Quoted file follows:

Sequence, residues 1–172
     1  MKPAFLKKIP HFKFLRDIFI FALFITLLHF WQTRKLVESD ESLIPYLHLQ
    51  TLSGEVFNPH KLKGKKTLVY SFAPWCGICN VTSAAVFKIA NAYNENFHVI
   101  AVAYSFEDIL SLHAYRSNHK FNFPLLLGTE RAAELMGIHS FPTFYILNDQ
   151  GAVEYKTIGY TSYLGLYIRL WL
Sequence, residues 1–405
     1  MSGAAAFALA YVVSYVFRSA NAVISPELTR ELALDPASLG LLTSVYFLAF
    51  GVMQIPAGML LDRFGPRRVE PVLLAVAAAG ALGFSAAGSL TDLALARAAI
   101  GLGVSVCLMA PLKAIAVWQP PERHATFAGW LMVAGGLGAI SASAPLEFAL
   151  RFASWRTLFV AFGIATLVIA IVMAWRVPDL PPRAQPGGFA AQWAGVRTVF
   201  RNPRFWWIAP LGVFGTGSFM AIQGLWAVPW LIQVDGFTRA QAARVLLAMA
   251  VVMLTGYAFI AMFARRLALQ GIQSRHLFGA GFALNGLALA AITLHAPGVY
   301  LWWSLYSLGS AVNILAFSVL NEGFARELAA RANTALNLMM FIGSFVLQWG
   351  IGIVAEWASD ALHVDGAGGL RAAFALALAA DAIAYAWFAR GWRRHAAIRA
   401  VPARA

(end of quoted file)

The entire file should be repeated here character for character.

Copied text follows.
Sequence, residues 1–172
     1  MKPAFLKKIP HFKFLRDIFI FALFITLLHF WQTRKLVESD ESLIPYLHLQ
    51  TLSGEVFNPH KLKGKKTLVY SFAPWCGICN VTSAAVFKIA NAYNENFHVI
   101  AVAYSFEDIL SLHAYRSNHK FNFPLLLGTE RAAELMGIHS FPTFYILNDQ
   151  GAVEYKTIGY TSYLGLYIRL WL
Sequence, residues 1–405
     1  MSGAAAFALA YVVSYVFRSA NAVISPELTR ELALDPASLG LLTSVYFLAF
    51  GVMQIPAGML LDRFGPRRVE PVLLAVAAAG ALGFSAAGSL TDLALARAAI
   101  GLGVSVCLMA PLKAIAVWQP PERHATFAGW LMVAGGLGAI SASAPLEFAL
   151  RFASWRTLFV AFGIATLVIA IVMAWRVPDL PPRAQPGGFA AQWAGVRTVF
   201  RNPRFWWIAP LGVFGTGSFM AIQGLWAVPW LIQVDGFTRA QAARVLLAMA
   251  VVMLTGYAFI AMFARRLALQ GIQSRHLFGA GFALNGLALA AITLHAPGVY
   301  LWWSLYSLGS AVNILAFSVL NEGFARELAA RANTALNLMM FIGSFVLQWG
   351  IGIVAEWASD ALHVDGAGGL RAAFALALAA DAIAYAWFAR GWRRHAAIRA
   401  VPARA